Here is a list of the Top Ten Classics I grew up reading. To me they are considered “Classics” and I am sure that most of them are on an official “Classics” list too.
1. Pride and Prejudice-Jane Austen- I can’t even begin to explain how much I love this book. I own various copies of it, and have watched all the adaptations (yes…even the crappy ones)…and pretty much read it at least once a year.
2. Dracula– Bram Stoker- There’s just something about Vampires…and this was the book that started my vampire obsession when I was just a little pre-teen.
3. Anne of Green Gables (The Entire series)-L.M. Montgomery- Filled with the beautiful countryside of Prince Edward Island, the imaginative and feisty red headed Anne and all her glorious adventures. I love Anne so much, that I proceeded to read the entire series that follows her into adulthood.
4. Little Women– Louisa May Alcott- Of all the sisters I loved Jo the best with her independent soul and creative whimsy, but all her sisters were special in their own way.
5. Emma– Jane Austen- Charming, flawed, but lovely Emma and her matchmaking mischief. Sometimes you want to smack sense into her, but in the end you know she means well and just has some growing up to do.
6. The Complete Brothers Grimm Fairytales– Grimm- I read these over and over and over again throughout my childhood and into my adulthood (though I see them now in a very different light and see how really “dark” many of the stories are).
7. The Lion, The Witch, and the Wardrobe– C.S. Lewis- Completely enchanting and marvelous tale, that made me want to check the inside of all wardrobes in every house I ever spent time in as a child.
8. The Picture of Dorian Gray– Oscar Wilde- This book fascinated me, because it showed a very interesting look into the human pysche with plenty of points of discussion regarding right from wrong, what we are willing to give up to have our heart’s desires. As well as not judging or assuming to know a person by the face they show on the outside.
9. Sense and Sensibility– Jane Austen- Yes, another Jane Austen book, but how can you blame me? After all I would probably put all her books on this list because I love them all, but I limited myself to just three. 🙂 My favorite character in this one is Marianne Dashwood, because I see so much of myself in her, especially my younger self. She leaps before she looks, she wears her heart of her sleeve, she is an absolute romantic and of course she also pays the consequence for not listening to her more sensible sister Elinor Dashwood (been there, and done that). A book about more than just balls and finding husbands (that’s how things were back then). I think Sense and Sensibility teaches a great deal about being a good sister/friend, learning to listen/have patience, but also when to throw caution to the wind.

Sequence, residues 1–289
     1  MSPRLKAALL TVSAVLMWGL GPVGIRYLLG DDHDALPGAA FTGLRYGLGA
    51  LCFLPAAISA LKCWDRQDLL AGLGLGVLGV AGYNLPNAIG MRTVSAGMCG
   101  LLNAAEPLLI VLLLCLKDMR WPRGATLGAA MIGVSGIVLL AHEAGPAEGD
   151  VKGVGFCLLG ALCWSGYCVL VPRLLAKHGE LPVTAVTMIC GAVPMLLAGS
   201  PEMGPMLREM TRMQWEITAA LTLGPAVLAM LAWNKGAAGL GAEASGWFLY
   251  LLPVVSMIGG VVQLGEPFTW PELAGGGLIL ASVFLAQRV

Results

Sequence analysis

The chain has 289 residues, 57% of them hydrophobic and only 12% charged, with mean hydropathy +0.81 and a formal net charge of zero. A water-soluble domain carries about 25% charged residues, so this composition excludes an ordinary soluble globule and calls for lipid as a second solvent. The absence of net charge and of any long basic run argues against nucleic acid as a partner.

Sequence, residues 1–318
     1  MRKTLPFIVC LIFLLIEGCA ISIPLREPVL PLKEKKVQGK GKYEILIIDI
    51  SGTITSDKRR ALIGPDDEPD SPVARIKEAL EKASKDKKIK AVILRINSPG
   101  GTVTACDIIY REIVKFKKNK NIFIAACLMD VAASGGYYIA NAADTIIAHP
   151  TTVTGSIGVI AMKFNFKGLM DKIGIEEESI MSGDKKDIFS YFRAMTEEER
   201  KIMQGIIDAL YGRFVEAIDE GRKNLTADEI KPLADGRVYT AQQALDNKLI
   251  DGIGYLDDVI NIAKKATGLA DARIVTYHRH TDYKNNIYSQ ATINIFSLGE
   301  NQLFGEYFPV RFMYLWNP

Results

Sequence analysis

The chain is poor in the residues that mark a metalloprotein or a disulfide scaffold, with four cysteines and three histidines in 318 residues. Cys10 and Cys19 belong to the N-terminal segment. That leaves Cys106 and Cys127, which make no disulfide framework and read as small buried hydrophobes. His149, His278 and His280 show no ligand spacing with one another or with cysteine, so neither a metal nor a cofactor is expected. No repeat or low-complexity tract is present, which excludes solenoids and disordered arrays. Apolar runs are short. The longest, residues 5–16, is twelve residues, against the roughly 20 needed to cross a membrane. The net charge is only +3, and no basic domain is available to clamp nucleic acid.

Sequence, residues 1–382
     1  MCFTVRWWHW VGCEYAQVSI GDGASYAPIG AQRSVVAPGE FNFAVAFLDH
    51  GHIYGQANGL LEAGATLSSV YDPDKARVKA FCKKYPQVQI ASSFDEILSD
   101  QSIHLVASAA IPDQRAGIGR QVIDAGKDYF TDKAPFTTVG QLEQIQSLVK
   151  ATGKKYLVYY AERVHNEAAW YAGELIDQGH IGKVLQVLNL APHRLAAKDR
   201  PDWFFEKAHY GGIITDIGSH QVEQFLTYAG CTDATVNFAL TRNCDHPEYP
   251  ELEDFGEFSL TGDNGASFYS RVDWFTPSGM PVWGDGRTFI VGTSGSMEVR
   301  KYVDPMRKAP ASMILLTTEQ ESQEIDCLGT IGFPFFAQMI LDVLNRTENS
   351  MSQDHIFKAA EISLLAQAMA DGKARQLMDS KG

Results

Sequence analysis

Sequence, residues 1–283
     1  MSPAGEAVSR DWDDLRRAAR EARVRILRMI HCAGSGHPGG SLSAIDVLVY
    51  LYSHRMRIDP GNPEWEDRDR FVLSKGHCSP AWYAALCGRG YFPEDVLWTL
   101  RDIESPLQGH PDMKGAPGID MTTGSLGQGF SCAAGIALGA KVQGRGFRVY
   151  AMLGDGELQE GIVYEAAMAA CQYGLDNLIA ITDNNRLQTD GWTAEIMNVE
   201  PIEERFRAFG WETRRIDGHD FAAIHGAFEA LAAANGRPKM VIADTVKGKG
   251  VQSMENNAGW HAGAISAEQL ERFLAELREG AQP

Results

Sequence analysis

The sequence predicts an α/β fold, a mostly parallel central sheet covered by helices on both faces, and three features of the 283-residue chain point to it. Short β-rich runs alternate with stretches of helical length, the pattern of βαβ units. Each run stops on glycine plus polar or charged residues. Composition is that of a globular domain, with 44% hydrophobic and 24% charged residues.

10. The Awakening– Kate Chopin- Last but not least a book that truly made me question many things in my young life when I first read it at 17. Coming from a very “classic” and “conservative” family background of what was socially expected of me (marriage to a man, bringing up a family, instead of following my dreams, my goals, my desires) this book made me see that it was okay to not want those things, though it would probably not be easily accepted by those around me. At the time I was engaged to be married to a much older man, and that was the future I had planned out for me. This book was a critical point in helping me question what I wanted out of life. I’m lucky because most of society these days are okay with the choices I made (even if my family was not at the time), but that is not a luxury women had in Victorian times or even just a few years ago. It’s not even a luxury that women have in many countries in the present day. Though written long ago, there are still critical issues that we still deal with today in this book, such as equal rights for all women and gender crisis.
What are some of your favorite Classics? How do you define “Classic”?